By Jordan Jurkowitz, Senior Talent Acquisition Manager


Over the last few months we have written a number of posts about the future of remote work in a post-pandemic world and how companies must adapt expectations from both a technological and efficiency standpoint in order to adjust to the “new normal”.

We have also discussed the importance of a company establishing a productive culture for its employees and how to go about that process.

Today I’m going to discuss the impact these shifts are and will continue to have from an employee standpoint; and how adopting the DevOps mindset regardless of where you work within the company is crucial to maintaining success.

For those unaware, DevOps is a set of practices that combines software development and IT operations in order to shorten a project lifecycle and provide continuous delivery of software. In layman’s terms, it is a means of collaboration between two departments that previously worked independently from one another in a combined effort to increase productivity and efficiency.

Although DevOps is traditionally associated with IT delivery models, that doesn’t mean its principles can only be applied to software and IT teams. Its core purpose is to share information and responsibilities that were previously kept separate and to create a better sense of independence among team members.

Working cross-functionally with people in different departments, asking good questions, learning new tasks and proactively working with others to make things more efficient are tasks anyone can take on if motivated, especially as companies are exploring the best ways to maintain employee engagement, advancement opportunities and productivity in the absence of previously established metrics.

For many companies, starting a DevOps team within an office setting means that they must select specific employees to be part of the team; thereby limiting opportunities. In our remote work world, that is no longer the case.

The challenge is taking the necessary steps to adjust behavior and shift how you view day-to-day responsibilities.

In an office, an employee in HR might be sitting in one part of the office while marketing is in another part, so if one has a question for the other they can simply go ask that person, maintaining a siloed environment and minimizing the need to learn and understand the challenges that exist from one department to another.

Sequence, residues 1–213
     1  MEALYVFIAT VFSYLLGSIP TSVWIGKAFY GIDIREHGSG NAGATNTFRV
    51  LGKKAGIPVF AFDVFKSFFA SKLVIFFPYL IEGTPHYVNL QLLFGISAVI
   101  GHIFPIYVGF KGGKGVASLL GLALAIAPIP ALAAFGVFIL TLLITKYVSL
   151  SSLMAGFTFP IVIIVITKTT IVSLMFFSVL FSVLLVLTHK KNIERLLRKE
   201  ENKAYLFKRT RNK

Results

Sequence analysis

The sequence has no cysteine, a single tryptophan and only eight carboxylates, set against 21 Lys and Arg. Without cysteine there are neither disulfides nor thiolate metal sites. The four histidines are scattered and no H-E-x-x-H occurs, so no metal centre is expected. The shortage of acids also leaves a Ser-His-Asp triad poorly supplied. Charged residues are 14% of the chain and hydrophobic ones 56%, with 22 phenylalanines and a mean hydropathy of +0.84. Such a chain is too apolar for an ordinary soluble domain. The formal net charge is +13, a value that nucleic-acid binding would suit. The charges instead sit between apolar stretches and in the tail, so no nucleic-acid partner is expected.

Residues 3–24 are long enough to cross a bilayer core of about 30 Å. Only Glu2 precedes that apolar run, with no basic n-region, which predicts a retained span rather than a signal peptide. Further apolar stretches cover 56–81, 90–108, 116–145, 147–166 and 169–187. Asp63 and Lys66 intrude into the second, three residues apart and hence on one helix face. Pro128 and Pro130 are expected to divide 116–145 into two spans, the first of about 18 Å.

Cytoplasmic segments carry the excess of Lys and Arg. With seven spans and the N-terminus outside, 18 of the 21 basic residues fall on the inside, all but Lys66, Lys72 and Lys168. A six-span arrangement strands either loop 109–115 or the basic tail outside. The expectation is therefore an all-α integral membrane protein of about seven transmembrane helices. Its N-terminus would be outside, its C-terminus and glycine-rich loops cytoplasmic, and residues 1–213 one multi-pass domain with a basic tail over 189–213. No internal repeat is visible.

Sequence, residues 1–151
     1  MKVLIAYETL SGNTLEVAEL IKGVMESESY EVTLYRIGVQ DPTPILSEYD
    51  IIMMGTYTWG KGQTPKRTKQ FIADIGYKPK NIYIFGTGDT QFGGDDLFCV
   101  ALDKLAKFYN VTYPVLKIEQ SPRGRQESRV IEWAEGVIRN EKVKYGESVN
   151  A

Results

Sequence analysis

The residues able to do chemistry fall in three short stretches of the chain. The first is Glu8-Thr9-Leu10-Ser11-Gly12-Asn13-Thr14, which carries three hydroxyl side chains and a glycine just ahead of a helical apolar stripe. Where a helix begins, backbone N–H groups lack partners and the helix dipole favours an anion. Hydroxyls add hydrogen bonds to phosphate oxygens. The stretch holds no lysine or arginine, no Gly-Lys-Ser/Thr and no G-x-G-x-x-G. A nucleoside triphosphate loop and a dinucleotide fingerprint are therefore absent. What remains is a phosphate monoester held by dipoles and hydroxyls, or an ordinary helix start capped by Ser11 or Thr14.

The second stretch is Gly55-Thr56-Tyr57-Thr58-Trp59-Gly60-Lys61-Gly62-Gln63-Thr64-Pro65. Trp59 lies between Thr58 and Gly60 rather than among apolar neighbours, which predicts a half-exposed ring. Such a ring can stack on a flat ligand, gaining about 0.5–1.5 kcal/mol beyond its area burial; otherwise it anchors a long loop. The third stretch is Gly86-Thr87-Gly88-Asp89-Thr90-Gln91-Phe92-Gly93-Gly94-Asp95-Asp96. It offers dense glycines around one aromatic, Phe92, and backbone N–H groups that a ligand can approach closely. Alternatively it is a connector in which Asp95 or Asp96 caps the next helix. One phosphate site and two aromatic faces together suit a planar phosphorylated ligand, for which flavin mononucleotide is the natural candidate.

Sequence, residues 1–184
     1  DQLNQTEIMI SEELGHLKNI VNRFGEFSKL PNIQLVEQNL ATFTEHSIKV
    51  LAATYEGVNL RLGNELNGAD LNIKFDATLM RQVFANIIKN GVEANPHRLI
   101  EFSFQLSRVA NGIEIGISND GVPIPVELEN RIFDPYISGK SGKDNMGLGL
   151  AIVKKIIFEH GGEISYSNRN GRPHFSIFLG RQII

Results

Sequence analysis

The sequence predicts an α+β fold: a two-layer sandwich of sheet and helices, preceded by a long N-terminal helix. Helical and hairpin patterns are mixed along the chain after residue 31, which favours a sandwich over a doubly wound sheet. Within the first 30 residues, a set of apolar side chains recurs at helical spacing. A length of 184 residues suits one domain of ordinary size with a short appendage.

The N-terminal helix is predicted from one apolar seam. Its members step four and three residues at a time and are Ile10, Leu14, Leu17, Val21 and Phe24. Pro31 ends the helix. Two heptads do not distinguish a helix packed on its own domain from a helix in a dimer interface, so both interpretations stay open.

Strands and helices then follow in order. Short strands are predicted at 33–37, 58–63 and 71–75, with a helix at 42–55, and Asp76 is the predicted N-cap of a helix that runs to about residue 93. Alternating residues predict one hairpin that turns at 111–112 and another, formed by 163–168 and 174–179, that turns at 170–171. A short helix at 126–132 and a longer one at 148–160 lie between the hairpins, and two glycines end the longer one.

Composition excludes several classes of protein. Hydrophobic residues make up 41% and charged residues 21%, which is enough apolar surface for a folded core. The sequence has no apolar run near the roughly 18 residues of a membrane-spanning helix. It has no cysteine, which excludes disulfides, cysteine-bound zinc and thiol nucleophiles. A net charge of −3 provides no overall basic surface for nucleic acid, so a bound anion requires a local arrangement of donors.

The DevOps mindset discourages this sort of departmental dependence and fosters a culture of independence. Instead of waiting for Marketing to respond to a day-to-day question, take on the initiative to learn about how the marketing process works and try to work through the answers yourself. Instead of asking them what you should do, ask them how the situation needs to be addressed and how you can better assist in the future.

Another hallmark of DevOps is automating processes to speed time of delivery. For an IT team that could mean developing a repeatable code. For those outside of IT, it can be as simple as developing repeatable email or client outreach templates and storing them within a shared document repository system for other employees across the company to use, tweak and collaborate on adjusting. Rather than thinking about what works for you, think about what works for you and how sharing that with others can help them be better at their jobs and provide you with unique insights into doing yours better.

Instead of looking at your role at the company in a tight prism, work to flexibly define your responsibilities and areas of strength beyond just what you were hired to do. Take the initiative to leverage, teach and demonstrate these strengths, whether that be by utilizing a college degree that you have or lessons learned in prior positions. Ask open ended questions and learn more about other areas of the business. Be proactive, not reactive. Don’t be afraid to offer opinions and ideas about how to make things operate more efficiently – be nimble and open to change.

Working remotely can be very challenging for those who are conditioned to work in an office. But, especially when introducing new practices such as DevOps, can also bring opportunities to grow and advance.

All you need to do is develop an open mind and operate outside of the box.